Burradon is a village in North Tyneside around 5 miles to the north of Newcastle upon Tyne. It is adjacent to Camperdown and the two villages are closely linked. Camperdown was once known as Hazlerigge
Burradon has been occupied since the 5th or 6th century B.C. In 1317 John de Weetslade (Camperdown) joined a rebellion against the King. The rebellion failed and John was stripped of his land, which was granted to William de Heslerigge.
Between 1820-1828 a small coal pit was sunk and marked the beginnings of the community, as it is known today. From 1829–1858 the centre and culture of village life moved from the old medieval settlement surrounding the farm to the ever expanding colliery village of Camperdown. In 1860 a mining disaster made the community famous countrywide. From 1895-1914 living conditions gradually improved and the mining families took control over their own affairs with the building of a Co-op store and working men's social club.
In 1820-1828 a small coal pit was sunk by Lord Ravensworth & Partners and marked the beginnings of the community, as it is known today. From 1829–1858 the centre and culture of village life moved from the old medieval settlement surrounding the farm to the ever expanding colliery village of Camperdown. In 1860 a mining disaster made the community famous countrywide. The colliery closed in November 1975. Little remains of the colliery except for the old Seaton Burn wagonway which was the boundary between Burradon and Camperdown
Burradon Mining Disaster
On 2 March 1860, an explosion took place at Burradon Colliery killing seventy-six men and boys. The disaster became of national interest and significance. At this time laws were inadequate at ensuring the safe operation of collieries and the families of disaster victims would have to rely on charity rather than compensation.
The inquest and newspaper coverage of the disaster (mostly the involvement of the Newcastle Chronicle) took issue with who should be responsible for both compensation and mine safety in what was to become a hotly contested debate. A group of the more senior Burradon miners: Maddox, Carr, Urwin (and Baxter Langley, editor of the Newcastle Daily Chronicle) had been at the forefront of a campaign to set up an insurance scheme for miners hurt or killed down the pit. The mine owners procrastinated on this proposal. The mineworkers had enlisted the help, and won great respect, from the editor and owner of a local newspaper, who supported their case with everything at their disposal. The anger felt towards the mine owners and the vigour with which the subsequent trial was fought was all the greater because the disaster had been predicted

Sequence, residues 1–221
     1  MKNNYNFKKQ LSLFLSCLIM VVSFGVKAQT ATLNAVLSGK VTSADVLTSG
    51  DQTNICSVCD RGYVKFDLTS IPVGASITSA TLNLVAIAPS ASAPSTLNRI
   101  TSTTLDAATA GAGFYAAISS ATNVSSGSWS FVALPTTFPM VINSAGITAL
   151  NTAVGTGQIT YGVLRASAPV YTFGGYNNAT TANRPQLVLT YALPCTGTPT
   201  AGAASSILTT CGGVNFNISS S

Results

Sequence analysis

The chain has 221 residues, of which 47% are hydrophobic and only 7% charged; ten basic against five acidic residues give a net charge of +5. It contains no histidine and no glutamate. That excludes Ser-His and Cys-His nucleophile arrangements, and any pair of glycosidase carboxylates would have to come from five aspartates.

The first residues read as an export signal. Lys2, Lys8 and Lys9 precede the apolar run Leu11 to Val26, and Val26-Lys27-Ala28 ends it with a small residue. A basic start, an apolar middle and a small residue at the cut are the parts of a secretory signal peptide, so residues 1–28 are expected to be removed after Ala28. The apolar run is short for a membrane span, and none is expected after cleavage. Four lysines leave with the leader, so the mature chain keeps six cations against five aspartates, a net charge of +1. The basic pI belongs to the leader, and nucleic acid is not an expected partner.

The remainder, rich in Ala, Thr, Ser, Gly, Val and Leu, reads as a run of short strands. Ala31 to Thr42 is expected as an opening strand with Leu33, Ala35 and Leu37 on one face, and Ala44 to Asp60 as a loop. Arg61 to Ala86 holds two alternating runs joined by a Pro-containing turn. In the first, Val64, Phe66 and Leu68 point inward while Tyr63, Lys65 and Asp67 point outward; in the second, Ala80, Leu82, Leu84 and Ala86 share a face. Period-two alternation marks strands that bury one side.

Read about its history in a series of articles ranging from prehistoric discoveries to present-day life at The Burradon and Camperdown Community Website.
Description harvested from Burradon, Tyne and Wear - Wikipedia
Reader Bob Carrick now living in the US sent in this picture regarding Hazlerigg and Burradon Coal Company's coal prices taken from a programme of The Mikado at the Gosforth Presbyterian Church about 1930.
Old Photos Of Burradon
Image from July 1966
Landscape aerial photo, from the southeast.
Image from Late 20th Century
Burradon and Camperdown Community Website
Burradon and Camperdown News. No longer updated.
Burradon and Camperdown Forum on Facebook.
Burradon - Past and Present video
Burradon/Camperdown You Tube Channel